Sep 16, 2011

The Discovery Files: Brain Feed

According to researchers at Caltech deciding what to eat forces your brain to figure out how it feels about a food's taste versus its health benefits versus its portion size or even its packaging, and it needs to determine the importance of these attributes relative to each other.

Credit: NSF/Karson Productions

Audio Transcript:

Think Healthy, Eat Healthier.
(Sound effect: theme music) I'm Bob Karson with the discovery files -- new advances in science and engineering from the National Science Foundation.

Decisions, decisions. When it comes to making food choices, your brain is in charge of weighing all the options. Almost instantaneously, complex neurological processes kick in, based on everything from palatability to portion-size to packaging. New research out of Caltech indicates that we may be able to sway the brain toward making healthier choices.

The study involved 33 hungry adult volunteers being shown pictures of various foods while brain activity was monitored. Each looked at 180 different food items, from chips and candy bars to chicken and broccoli. With three seconds to decide whether or not they'd want to eat the food shown. They knew they could be served any one of the foods from their "yes" or "strong yes" list at the end of the experiment.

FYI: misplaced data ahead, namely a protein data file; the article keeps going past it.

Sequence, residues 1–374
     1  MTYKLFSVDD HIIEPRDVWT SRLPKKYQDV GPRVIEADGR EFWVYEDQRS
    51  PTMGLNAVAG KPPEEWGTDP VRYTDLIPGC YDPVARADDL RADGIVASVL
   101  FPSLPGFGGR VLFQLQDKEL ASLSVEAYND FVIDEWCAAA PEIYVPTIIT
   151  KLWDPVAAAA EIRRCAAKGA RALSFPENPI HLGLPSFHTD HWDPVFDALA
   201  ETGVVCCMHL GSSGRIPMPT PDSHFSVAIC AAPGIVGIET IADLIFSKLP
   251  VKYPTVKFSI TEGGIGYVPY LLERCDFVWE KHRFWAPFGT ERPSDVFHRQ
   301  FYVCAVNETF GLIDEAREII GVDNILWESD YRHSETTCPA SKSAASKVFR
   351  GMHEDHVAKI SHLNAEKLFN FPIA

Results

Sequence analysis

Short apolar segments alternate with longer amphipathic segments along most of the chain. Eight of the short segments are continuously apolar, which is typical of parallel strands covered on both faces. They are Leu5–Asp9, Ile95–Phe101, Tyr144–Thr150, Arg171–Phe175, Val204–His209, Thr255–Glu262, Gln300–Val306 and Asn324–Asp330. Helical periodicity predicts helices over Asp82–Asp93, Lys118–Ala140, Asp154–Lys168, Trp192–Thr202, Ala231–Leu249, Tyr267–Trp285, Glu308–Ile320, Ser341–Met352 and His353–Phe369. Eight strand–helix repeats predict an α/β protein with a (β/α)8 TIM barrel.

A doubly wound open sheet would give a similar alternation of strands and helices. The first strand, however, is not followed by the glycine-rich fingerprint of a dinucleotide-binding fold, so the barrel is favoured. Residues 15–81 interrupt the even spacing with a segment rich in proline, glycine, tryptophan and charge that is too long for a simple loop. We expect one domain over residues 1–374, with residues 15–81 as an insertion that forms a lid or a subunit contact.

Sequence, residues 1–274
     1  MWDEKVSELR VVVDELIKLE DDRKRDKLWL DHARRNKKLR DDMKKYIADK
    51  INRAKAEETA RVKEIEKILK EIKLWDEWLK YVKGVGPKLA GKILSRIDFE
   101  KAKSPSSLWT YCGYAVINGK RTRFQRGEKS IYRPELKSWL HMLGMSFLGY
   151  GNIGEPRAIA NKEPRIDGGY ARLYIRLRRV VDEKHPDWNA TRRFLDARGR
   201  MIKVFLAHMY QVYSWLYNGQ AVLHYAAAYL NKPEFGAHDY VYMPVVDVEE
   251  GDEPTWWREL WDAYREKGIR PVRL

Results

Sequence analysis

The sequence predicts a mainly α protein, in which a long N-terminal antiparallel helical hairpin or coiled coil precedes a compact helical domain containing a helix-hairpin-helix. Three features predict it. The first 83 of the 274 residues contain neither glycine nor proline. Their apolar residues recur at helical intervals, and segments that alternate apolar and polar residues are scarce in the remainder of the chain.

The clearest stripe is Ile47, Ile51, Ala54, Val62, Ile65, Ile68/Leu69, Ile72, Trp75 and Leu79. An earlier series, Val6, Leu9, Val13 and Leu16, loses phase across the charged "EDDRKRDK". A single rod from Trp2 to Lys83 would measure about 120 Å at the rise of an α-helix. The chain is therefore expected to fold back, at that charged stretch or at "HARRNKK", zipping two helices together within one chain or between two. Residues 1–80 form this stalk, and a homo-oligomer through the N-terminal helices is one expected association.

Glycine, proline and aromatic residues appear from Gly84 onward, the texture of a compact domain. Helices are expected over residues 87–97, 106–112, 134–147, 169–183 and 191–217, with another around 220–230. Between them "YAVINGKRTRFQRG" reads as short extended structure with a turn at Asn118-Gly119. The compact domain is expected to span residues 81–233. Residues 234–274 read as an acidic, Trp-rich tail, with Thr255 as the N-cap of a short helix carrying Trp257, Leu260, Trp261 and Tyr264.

One more thing: before every 10 food choices, one of three instructions appeared on the screen "consider the healthiness," "consider the tastiness" or "make decisions naturally."

When asked to think about healthiness, subjects were less likely to choose unhealthy foods. Just getting the health instruction increased activity in the part of the brain responsible for self-control -- helping them to make better choices.

Jeez, all this food for thought is making me hungry.

For the discovery files, I'm Bob Karson.

The Discovery Files" covers projects funded by the government's National Science Foundation. Federally sponsored research -- brought to you, by you! Learn more at or on our podcast.

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